After nearly three decades reporting conflict from all over the world, Fergal Keane goes home to Ireland to tell the family story that lies at the root of his career as a foreign correspondent.
Like every war I have covered, the struggle in north Kerry was brutal. On the street where my grandparents lived, a 38-year-old Irish policeman, District Inspector Tobias O’Sullivan, was gunned down by the IRA yards from his family home, his wife and children confronted with the spectacle of his bleeding body lying between a cart and the gutter.
Among the killers were friends of my grandmother.
Dark-haired, dark-eyed, with a countenance that looked more Spanish than Irish, my grandmother, Hannah Purtill, held the house together – it was a large rambling house in rural Kerry crammed with talented and occasionally troublesome children, and my grandfather Bill, a loving but very impractical man.
Growing up, I heard hints of my grandmother’s revolutionary past, carrying weapons and messages for the IRA and spying on the Crown forces.
But I was told little of the bloody detail of the War of Independence or the Civil War that followed. It was only later, after spending years reporting other people’s wars that I came back to the history that shaped my own family.
In the yellowed files of her war service record, in the accounts left behind by other combatants, I came to know a different Hannah: the young woman drawn into a great national struggle in the years after the rebellion of 1916.
Tobias O’Sullivan was an Irish Catholic, from a similar farming background to my own people, who were no less patriotic. He believed in a different vision of Ireland, the old Home Rule Ireland for which Charles Stuart Parnell and John Redmond had campaigned.
My grandparents, Bill and Hannah, in their younger days
The Crown forces also inflicted terror. On New Year’s Day 1921, a 17-year-old novice priest, John Lawlor, died from his wounds after being beaten by the Black and Tans – a force recruited in Britain to augment the ranks of the RIC – in the middle of Listowel. Reprisals for IRA attacks involved the killing of unarmed men, beatings and the burning of houses and businesses.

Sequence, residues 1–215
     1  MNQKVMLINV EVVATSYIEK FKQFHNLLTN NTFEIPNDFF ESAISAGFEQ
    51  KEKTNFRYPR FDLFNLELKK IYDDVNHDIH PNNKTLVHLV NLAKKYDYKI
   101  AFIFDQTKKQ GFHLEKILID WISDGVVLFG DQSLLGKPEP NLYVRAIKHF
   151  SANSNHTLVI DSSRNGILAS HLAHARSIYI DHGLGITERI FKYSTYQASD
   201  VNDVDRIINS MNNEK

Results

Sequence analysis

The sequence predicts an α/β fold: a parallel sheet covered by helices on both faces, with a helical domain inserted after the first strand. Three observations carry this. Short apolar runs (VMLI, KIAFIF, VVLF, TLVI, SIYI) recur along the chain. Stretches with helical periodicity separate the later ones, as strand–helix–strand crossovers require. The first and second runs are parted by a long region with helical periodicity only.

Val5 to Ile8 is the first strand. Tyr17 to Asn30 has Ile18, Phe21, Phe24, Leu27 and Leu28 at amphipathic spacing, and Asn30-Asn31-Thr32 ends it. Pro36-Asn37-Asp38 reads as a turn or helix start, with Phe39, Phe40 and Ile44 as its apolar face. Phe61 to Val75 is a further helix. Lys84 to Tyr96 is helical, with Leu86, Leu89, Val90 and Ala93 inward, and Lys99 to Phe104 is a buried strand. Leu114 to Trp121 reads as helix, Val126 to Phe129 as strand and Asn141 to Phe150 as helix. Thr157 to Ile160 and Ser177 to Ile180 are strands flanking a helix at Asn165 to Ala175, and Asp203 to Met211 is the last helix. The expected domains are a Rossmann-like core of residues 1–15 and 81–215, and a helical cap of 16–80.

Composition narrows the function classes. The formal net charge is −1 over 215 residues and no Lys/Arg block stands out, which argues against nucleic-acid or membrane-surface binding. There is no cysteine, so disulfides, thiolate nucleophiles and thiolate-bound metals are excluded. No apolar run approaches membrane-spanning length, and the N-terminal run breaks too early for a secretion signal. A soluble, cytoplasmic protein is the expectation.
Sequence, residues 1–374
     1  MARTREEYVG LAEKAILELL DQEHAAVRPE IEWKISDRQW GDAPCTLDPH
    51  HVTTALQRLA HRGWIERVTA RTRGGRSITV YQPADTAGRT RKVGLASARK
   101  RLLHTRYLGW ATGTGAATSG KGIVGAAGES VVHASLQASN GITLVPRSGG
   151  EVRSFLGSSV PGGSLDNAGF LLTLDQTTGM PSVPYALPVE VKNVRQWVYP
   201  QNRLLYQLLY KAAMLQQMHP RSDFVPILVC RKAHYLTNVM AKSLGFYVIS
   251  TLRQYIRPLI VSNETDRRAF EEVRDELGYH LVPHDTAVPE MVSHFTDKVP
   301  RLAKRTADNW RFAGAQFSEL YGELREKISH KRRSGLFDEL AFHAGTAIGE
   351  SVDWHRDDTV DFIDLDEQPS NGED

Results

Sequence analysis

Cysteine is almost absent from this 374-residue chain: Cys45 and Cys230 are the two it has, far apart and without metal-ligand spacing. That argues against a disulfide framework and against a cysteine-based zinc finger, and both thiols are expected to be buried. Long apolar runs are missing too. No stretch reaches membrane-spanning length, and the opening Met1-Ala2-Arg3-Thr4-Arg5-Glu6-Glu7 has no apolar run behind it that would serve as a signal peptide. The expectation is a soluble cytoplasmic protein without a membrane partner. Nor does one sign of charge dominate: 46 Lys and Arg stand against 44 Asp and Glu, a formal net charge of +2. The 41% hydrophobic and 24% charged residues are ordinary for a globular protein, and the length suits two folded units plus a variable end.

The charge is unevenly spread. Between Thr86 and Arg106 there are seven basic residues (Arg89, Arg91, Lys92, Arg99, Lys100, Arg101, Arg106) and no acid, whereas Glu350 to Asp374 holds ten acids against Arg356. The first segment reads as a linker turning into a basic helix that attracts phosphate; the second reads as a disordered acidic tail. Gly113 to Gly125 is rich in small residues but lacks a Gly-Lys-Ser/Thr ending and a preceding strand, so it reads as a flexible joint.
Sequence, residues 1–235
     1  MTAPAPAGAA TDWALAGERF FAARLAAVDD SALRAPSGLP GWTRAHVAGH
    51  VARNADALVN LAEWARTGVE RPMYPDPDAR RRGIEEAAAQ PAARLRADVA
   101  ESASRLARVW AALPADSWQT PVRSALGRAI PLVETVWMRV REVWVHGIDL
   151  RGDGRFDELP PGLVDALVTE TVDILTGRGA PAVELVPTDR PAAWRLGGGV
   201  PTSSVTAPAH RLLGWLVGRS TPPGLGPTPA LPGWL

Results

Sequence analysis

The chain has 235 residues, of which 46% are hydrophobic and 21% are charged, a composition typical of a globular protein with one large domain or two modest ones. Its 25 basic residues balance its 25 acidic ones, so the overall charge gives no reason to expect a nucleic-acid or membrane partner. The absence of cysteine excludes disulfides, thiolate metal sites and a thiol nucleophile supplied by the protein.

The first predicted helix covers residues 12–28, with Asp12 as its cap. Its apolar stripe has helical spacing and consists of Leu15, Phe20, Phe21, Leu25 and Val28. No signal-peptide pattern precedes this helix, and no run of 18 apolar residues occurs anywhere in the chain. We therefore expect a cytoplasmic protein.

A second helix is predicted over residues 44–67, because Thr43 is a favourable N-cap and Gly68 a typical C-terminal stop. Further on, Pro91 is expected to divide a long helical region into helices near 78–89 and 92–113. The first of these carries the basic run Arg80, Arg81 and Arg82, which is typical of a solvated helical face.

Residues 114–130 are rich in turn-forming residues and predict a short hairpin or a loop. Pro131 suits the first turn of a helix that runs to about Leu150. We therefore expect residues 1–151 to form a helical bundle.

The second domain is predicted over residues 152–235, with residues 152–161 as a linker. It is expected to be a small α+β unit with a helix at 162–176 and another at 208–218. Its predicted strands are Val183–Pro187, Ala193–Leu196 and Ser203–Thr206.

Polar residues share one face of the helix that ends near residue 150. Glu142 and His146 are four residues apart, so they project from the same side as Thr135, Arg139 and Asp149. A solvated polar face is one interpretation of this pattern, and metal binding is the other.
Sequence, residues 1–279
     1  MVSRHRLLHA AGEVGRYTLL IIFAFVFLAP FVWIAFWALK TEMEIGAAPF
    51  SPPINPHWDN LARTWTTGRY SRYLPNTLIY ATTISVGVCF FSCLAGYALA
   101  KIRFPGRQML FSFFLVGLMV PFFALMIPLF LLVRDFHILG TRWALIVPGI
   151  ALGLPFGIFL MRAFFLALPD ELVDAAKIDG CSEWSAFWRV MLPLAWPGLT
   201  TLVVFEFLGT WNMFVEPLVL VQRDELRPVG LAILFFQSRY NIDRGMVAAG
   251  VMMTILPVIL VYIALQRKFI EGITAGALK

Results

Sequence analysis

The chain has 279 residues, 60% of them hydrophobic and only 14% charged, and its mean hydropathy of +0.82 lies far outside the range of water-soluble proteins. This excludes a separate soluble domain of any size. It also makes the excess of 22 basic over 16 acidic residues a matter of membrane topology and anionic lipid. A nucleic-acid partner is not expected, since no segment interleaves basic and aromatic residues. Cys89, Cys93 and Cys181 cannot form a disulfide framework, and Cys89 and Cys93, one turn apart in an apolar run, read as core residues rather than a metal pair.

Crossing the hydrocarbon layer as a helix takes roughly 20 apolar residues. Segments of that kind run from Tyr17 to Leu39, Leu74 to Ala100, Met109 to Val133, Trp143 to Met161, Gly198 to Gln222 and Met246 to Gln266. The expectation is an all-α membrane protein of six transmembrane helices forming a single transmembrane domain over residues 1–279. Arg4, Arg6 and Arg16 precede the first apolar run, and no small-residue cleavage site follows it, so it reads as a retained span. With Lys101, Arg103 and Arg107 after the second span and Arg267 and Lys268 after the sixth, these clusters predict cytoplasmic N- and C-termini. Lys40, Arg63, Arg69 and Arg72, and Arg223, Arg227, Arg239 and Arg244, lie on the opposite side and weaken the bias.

I learned that my grandmother was targeted by a Black and Tan named Darcy and warned to leave town. She refused and Darcy was subsequently targeted by the IRA and wounded. It was he who ended up leaving Listowel.
In the Civil War that followed my grandmother witnessed old comrades turn against each other. If anything the war was more pitiless than the fight against the Crown.
The summary executions, ambushes, torture, and the burning of homes left a bitterness which lingered for decades.
Looking back, I am not surprised that my grandmother never spoke of the detail of those times. Very few people did. The pain was immense and the demands of building a new life in the aftermath of war were too great.
This strong, resourceful woman fought for an independent Ireland but when the wars came to an end she found that the men – many of them clerics – would combine to control the new state.
Hannah Purtill died in 1989, a decade before the Good Friday Agreement which sought to remove the gun from Irish politics. After her own experience of war I believe she would have cherished that great expression of collective wisdom on the island of Ireland.